This week’s work summary is once again focused on the offside frame.  The panel to the immediate rear of the front wheelarch was removed  to enable frame repairs to continue; this included the step ironwork for the cab entry.  All the side-rod lower extensions have been removed, a small amount of heat being required to release the the through bolts that pass through the ends of the floor bearers.  Exposed metalwork above the floor line had been treated with Vactan.  A removable section of the frame around the fuel tank filler has been unbolted to allow access to other parts that needed to be replaced and to allow easier removal of the fuel tank.

All of the window verticals and the waist rail have now been dowelled and all rust screws and nails hopefully removed.  The horizontal rail above the windows remains to be finished and painted.  The new woodwork of the wheelarch frame has been painted, along the with the sections of the frame joints that are awaiting new flitch plates.  The remaining flitch plates,  including the wheelarch reinforcement have been made this week and are in the process of being painted ready for fitting.   I also removed the beading above the (incorrect) cab mudwing.  I had hoped to save this and reuse it but at first sight it appears too far gone.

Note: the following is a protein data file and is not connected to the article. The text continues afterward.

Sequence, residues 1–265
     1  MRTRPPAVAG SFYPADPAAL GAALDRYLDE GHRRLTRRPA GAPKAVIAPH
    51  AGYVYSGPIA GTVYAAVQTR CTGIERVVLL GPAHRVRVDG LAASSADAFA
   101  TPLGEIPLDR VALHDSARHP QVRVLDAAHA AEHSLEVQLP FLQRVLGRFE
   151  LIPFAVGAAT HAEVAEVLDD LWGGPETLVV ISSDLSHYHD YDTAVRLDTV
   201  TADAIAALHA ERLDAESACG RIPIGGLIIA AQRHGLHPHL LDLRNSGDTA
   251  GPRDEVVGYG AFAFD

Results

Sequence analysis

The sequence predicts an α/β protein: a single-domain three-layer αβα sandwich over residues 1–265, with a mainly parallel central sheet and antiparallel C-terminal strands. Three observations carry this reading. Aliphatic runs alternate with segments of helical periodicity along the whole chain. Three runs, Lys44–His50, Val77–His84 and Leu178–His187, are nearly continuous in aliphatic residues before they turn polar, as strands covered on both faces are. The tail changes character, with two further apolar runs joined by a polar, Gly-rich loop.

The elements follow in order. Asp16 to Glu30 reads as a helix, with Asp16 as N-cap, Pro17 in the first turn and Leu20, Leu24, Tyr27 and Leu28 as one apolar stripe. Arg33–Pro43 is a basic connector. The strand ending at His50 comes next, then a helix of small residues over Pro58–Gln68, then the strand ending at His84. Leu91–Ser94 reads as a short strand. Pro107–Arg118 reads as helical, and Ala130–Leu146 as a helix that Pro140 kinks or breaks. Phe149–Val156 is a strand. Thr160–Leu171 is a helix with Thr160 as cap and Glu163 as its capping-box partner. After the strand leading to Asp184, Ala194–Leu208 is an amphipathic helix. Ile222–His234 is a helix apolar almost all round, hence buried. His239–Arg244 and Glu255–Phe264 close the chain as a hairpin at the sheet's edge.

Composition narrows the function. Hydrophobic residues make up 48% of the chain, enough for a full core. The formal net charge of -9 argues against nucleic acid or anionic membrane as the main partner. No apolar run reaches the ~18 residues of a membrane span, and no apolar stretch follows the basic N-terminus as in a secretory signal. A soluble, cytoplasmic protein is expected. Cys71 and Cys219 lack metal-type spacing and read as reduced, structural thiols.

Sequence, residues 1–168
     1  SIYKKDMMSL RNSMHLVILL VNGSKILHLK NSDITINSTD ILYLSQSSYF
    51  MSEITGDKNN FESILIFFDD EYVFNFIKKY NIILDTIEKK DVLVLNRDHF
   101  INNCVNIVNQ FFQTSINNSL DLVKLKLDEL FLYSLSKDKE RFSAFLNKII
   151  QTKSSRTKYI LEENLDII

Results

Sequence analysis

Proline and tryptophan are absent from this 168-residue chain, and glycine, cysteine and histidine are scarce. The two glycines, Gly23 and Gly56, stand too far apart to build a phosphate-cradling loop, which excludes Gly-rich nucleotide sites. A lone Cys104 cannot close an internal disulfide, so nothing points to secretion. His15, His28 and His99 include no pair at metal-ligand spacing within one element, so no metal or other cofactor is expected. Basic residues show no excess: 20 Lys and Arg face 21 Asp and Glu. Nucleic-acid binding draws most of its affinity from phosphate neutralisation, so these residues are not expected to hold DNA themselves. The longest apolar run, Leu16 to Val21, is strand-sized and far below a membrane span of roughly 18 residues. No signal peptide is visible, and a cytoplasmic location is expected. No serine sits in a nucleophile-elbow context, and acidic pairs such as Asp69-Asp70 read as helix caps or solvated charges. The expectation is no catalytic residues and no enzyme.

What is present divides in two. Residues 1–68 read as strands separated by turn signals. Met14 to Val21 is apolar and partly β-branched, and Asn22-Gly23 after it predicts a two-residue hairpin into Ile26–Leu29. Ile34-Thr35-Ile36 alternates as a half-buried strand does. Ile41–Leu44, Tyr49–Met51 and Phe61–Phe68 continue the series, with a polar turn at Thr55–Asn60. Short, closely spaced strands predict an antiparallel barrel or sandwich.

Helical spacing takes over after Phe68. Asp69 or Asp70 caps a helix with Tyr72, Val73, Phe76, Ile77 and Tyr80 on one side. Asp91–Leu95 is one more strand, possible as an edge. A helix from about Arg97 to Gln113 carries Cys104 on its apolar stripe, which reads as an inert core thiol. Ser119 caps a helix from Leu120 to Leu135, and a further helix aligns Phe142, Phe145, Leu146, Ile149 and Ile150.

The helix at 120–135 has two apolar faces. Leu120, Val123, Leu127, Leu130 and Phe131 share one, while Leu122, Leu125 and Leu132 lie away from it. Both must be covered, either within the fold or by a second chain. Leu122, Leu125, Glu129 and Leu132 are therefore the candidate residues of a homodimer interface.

Cab entry step, kick-plate and beading.


The lack of recent posts belies the basic monotony of current work on the offside frame.  Mostly it has been the removal of rusty screws and nails from the frame above the floor line. This has progressed as far as the cab door and is virtually complete in terms or plugging screw and nail holes with dowels.  The horizontal framing above the window openings has received some new timber to replace the odd bit of wet rot but this needs further attention and screw removal before it is finished.  An emerging fact is the offside frame has been much less carefully finished than the nearside; stupidly long screws and large nails have been used to fix the panels. On the positive side, above the floor it is generally in good condition.  The rear wheelarch has been repaired with new timber exactly as it was and naturally this is quite different from the nearside.  The next job when the upper frame is complete will be removal and refurbishment of the fuel tank, which appears to be the wrong tank.

New timber in offside rear wheelarch frame.

Dowels replacing rusty screws and nail holes in offside framing.